Parenting can be tough. Christian Parenting is tougher still, as you try to parent against many cultural norms. Why make it any harder than it needs to be? Sometimes the very words you choose to use can escalate an already tense situation unnecessarily.
There are words that will cause an immediate, strong negative reaction in your kids. You’ve probably noticed certain words they use have the same impact on you. Some words will cause a strong negative emotion in almost everyone, like “hate”. Other words will differ from person to person.
Whether we realize it or not, our brains have noticed which words create a strong reaction in others. When we get angry or upset at someone, our brains seem to choose those words on purpose to cause as much pain as possible. (For our purposes, we will call these hot button words.)
Except, the truth is we make conscious decisions about the words we use. It’s just that it happens so quickly we aren’t always as aware as we should be of what is about to come out of our mouths. We become angry at our child’s disobedience and in addition to correcting and giving consequences, we inflict unnecessary emotional pain by using hot button words as we talk to them.
Using hot button words in parenting immediately worsens any conflict. Because of their limited self control, young children may even have what seems like extreme emotional and behavioral reactions when you use their hot button words – especially in tense situations like correction.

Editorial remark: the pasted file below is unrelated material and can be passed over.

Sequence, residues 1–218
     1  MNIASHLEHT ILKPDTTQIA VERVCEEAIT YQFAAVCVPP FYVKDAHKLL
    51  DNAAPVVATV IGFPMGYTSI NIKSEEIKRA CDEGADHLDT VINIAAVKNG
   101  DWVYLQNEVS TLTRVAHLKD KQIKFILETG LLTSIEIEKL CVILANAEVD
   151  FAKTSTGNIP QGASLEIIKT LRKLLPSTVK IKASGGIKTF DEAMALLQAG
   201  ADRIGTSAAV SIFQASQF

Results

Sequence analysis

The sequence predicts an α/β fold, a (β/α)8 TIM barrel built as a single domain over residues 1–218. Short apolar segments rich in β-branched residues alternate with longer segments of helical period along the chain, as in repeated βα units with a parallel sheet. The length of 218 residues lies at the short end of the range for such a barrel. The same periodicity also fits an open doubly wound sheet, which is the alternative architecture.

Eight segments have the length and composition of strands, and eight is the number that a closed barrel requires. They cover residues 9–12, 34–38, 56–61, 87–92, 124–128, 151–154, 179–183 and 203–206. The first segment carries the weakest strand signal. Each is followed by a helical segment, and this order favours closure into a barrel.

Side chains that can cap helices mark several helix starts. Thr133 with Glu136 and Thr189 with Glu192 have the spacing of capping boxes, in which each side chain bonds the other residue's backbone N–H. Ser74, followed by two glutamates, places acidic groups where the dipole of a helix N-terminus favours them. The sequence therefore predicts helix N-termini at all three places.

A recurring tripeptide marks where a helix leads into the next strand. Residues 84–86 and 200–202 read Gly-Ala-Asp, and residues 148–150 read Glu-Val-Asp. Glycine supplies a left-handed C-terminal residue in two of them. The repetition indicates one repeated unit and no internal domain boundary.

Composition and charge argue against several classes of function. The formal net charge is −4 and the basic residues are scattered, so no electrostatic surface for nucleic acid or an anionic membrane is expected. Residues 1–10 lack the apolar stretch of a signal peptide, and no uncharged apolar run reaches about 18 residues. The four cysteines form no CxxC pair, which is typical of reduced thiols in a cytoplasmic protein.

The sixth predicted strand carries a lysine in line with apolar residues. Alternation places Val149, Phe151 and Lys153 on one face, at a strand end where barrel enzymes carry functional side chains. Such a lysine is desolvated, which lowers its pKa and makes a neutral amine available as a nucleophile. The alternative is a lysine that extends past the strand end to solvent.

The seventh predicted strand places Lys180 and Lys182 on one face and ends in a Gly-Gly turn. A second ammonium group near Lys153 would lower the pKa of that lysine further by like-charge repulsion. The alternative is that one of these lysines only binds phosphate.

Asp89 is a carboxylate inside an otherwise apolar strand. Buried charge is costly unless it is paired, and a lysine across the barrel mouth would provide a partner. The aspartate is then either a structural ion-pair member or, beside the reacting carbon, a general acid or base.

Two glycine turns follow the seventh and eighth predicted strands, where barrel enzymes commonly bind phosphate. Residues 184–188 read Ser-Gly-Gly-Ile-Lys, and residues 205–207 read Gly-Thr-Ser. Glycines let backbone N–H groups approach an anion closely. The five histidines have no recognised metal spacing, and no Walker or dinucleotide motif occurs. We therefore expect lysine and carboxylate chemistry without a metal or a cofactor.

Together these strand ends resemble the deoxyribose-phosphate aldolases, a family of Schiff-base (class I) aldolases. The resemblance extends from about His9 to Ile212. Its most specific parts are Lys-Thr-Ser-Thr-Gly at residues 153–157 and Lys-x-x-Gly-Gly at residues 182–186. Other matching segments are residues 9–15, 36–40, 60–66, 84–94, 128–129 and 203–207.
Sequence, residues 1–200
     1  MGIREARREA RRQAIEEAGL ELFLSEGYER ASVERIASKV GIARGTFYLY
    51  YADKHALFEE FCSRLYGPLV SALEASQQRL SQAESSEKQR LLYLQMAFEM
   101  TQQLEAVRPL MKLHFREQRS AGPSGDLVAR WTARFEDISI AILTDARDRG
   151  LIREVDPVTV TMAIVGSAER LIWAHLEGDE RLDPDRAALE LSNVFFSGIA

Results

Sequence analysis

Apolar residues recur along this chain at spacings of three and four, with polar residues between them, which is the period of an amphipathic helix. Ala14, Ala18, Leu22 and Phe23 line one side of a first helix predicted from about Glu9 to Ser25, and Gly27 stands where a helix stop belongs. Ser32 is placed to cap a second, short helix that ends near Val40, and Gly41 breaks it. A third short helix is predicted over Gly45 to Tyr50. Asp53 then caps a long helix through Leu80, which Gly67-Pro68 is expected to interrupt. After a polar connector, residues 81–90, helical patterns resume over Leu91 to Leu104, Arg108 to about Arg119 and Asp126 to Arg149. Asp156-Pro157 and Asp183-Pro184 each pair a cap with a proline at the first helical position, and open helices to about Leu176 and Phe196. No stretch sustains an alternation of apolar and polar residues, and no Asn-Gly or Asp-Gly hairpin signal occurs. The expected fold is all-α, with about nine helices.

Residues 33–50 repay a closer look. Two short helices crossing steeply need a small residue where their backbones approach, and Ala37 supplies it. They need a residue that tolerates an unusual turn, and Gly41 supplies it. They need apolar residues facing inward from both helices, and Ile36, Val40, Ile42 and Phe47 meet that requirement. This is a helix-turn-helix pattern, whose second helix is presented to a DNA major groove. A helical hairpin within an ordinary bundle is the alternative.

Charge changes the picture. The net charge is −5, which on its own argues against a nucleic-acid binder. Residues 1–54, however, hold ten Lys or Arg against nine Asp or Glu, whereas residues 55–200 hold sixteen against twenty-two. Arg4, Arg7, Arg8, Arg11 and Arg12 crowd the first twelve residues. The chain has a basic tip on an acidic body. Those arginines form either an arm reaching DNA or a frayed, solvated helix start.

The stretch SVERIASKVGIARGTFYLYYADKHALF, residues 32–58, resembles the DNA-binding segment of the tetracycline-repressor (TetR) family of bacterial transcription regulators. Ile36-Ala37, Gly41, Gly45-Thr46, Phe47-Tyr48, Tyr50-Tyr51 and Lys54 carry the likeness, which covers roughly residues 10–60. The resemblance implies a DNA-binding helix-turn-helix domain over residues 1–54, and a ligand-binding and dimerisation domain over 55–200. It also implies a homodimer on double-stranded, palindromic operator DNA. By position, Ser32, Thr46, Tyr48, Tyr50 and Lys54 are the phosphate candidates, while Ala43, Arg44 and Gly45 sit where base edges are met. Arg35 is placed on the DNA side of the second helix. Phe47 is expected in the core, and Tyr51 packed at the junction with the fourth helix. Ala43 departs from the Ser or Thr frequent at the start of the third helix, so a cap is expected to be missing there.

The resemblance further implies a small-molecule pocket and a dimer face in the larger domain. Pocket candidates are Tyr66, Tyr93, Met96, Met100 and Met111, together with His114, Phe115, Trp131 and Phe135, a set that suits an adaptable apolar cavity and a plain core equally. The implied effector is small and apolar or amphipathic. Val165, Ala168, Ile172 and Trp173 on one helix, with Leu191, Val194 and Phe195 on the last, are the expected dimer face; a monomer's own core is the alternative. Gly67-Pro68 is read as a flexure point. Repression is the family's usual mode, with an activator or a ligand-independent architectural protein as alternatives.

If you aren’t careful, instead of changing a child’s behavior, you are creating an emotional divide that will become more difficult to heal over time. You can be firm and even give consequences without using those hot button words.
Some hot button words should be obvious. It is never acceptable to call children ugly names or curse at them. Any descriptive words should be about the behavior and not implying they define a child’s character. A decision is bad, for example, a child is not a bad child. (Defining a child, rather than the choice, can lead them to believing they will only make bad choices and are unredeemable.)
When things are calm, have a conversation with each of your kids about words and phrases that cause a strong reaction in them. Some will be silly, like “moist”. Others will be those words you need to avoid when possible as you talk with your child. You may even want to share some words you would prefer they not use when they are upset with you.
There can also be household bans on certain words. In our home, “hate” was never to be used in reference to a person…especially if it were in the sentence “I hate you!” Although, we knew we loved each other, we believed it was important to never utter those words to one another – even in anger. Your family may want to work together to make a list of banned words and phrases in your home.
If you or your kids have gotten in the bad habit of using hot button words when angry, you may have to have some sort of consequence to help everyone break bad habits. It’s important to be consistent and allow your kids to give you the same consequence if they catch you using hot button words, too.
If you have been in the habit of using hot button words and phrases when correcting your children, you may find eliminating them will lessen the intensity of many conflicts. You probably sound more rational to your children when you avoid using the words that annoy them and they will quite possibly stay a little calmer in the process. Even if they still get upset, it’s great parenting to avoid calling anyone ugly names or using curse words to emphasize your point when talking to your children. Plus it sets a wonderful, godly example for them to follow in their own speech.